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Article
Peer-Review Record

Temperature and Consolidation Sensing Near Drinking Water Wells Using Fiber Bragg Grating Sensors

Water 2020, 12(12), 3572; https://doi.org/10.3390/w12123572
Reviewer 1: Anonymous
Reviewer 2: Anonymous
Water 2020, 12(12), 3572; https://doi.org/10.3390/w12123572
Received: 13 November 2020 / Revised: 1 December 2020 / Accepted: 15 December 2020 / Published: 19 December 2020
(This article belongs to the Section Water Resources Management, Policy and Governance)

Round 1

Reviewer 1 Report

This submission concerns the use of fibre Bragg gratings used to monitor temperature and ‘consolidation’ simultaneously in underground water extraction wells.    This reviewer’s perspective is from one who knows about the Bragg grating sensor, but is not at all familiar with the problem under consideration. 

 

At a general level the submission needed to be considerably shortened – aim for half the current length!  Also from a sensing perspective, the was really only one point of interest – the means whereby the ‘consolidation’ and temperature readings are separated.  The presentation of this particular aspect also needed more clarity – the ‘ARX’ concept needed clear explanation and – at a more basic level it would be very helpful, even necessary, to explain what ‘consolidation’ actually means in this context. 

 

The ideas though are of interest – and using several identical sensors to extract the spatial distributions of these two parameters could generate much enthusiasm since a similar approach could well be applied in other contexts.  However, at present from a sensing engineering perspective the submission is really (a) too long by half and (b) needs to significantly improve the clarity of the presentation. 

 

Consequently, the recommendation from this reviewer is that the current version be rejected and that the authors submit a completely rewritten version with these tow major points in mind.  However, from a water engineer perspective – the comments may be substantially different!

Author Response

We thank the reviewer for his/her positive comments and we would like to stress that this paper offers more than a method to separate two sensing parameters. The aim of the paper was not only to develop new FBG sensing methods, but also to show how hydrogeologists can benefit from FBG data compared to traditional sensors. Indeed, if this paper was written only from the sensing perspective, it would be half of the current length. We believe that the extra information obtained from FBG data is interesting for hydrogeology-oriented readers of the Water journal.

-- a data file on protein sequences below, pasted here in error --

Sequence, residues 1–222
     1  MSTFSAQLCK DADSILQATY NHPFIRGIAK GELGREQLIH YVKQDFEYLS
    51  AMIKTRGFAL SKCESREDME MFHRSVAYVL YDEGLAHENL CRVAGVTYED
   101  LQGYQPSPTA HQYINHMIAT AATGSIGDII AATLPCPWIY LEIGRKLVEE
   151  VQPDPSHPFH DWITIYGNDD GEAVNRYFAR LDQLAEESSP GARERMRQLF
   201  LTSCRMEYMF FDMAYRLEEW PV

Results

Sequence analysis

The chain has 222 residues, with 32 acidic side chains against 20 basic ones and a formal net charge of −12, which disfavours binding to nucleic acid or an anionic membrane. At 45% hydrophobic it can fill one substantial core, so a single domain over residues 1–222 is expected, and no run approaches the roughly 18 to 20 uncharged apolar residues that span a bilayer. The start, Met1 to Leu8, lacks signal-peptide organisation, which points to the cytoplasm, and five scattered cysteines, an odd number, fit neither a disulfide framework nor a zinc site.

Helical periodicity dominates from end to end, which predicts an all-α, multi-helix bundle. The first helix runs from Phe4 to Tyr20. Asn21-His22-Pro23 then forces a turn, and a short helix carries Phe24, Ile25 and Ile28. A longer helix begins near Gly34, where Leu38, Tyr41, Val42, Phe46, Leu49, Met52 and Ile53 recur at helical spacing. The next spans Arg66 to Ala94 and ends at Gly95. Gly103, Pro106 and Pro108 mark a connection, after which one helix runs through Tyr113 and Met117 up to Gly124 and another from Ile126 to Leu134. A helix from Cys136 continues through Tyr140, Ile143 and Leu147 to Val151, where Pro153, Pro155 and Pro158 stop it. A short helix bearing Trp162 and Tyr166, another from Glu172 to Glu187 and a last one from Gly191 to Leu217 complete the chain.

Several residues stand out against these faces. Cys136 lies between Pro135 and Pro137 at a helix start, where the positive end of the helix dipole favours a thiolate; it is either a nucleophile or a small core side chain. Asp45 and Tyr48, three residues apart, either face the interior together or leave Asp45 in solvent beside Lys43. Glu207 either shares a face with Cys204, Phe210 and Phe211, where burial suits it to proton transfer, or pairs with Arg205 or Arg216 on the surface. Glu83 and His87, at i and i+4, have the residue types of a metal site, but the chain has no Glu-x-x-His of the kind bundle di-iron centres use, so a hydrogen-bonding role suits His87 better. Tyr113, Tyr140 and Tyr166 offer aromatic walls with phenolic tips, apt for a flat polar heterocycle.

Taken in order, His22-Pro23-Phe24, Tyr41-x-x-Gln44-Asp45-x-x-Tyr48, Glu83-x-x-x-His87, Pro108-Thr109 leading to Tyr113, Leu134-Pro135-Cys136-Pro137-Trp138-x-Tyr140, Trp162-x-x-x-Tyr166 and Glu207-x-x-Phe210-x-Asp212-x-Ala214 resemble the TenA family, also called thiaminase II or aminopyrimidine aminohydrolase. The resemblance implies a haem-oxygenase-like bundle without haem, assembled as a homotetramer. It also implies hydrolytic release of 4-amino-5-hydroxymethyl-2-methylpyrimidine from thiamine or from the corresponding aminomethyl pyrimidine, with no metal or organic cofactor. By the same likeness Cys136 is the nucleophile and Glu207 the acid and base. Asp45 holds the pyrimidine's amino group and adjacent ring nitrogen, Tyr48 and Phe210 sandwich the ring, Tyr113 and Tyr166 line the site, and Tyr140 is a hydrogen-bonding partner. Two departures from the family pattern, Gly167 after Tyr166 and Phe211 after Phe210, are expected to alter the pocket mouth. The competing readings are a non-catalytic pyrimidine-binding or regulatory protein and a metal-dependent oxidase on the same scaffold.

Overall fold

Several sections of the paper were rewritten to improve the clarity of presentation:

  • Fig. 4 and 6 were added to explain how FBG data was obtained and displayed in the Results section
  • The Temperature section in the Results and discussion was split into three sections based on Fig. 6
  • The section about soil clogging was deleted from the Results section as it did not focus on the FBG sensors
  • The concept of consolidation was further explained in the Introduction (second paragraph) together with relevant references for more information
  • The ARX models are commonly used in hydrogeology from groundwater level forecasting based on precipitation, temperature and water extraction. Relevant references were added to section 2.3 above eq. (9), also explaining why this type of model was chosen for data processing. The section 2.3 explaining the basics of ARX modeling was reorganized.
  • The current length of the paper is shorter by 2 pages

Author Response File: Author Response.docx

Reviewer 2 Report

General Comments: The author provided a follow-up and validation research work with the FBG sensors, based on the long-term well monitoring of the temperature and consolidation strain. As it was mentioned in his previous publication, this work also decoupled the FBG wavelength responses thorough establishing the autoregression models. The practical sensing test with FBG and model training was generally based on a single well. The sensing method has been validated in real situations and the trained model also demonstrated good accuracy. This paper could be accepted after the revision.  

Specific Comments:

  1. In Figures 4a and 4b, the temperature between the injection and extraction was not given. It seems that the resonance wavelength has undergone abrupt changes in this process: the wavelength of 4a has changed in the positive range, while that of 4b moved to a negative region.
  2. In this paper, the sensitivity and the standard error level of the FBG sensor was not given, which would be also important for readers to understand the sensing performance.
  3. According to Figure 8, the correlation between the FBG sensor and Divers was not quite good. Could the author further describe the difference between the two source signals, like what made the differences?
  4. As the author mentioned, the missing FBG data points showed low signal-to-noise-ratios. So, what are the standard SNR and acceptable SNR in this study? The noise should also be plot as error-bars in Figure 8.
  5. How did the author identify the location and depth of the clay and permeable layers?
  6. The clear structure and design of the proposed FBG sensor are not given in this article. In addition to temperature and strain, whether there are other factors that also affect the signal drift.

 

Author Response

Please see the attachment

Author Response File: Author Response.docx

Round 2

Reviewer 1 Report

The authors have responded constructively to the previous comments and the submission is now fit for publication.

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